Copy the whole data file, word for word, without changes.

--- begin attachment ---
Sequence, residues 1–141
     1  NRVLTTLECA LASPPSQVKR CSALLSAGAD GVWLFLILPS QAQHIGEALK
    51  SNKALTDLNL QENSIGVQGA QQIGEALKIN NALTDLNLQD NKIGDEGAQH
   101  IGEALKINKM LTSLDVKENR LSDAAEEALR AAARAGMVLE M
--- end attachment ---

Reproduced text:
Sequence, residues 1–141
     1  NRVLTTLECA LASPPSQVKR CSALLSAGAD GVWLFLILPS QAQHIGEALK
    51  SNKALTDLNL QENSIGVQGA QQIGEALKIN NALTDLNLQD NKIGDEGAQH
   101  IGEALKINKM LTSLDVKENR LSDAAEEALR AAARAGMVLE M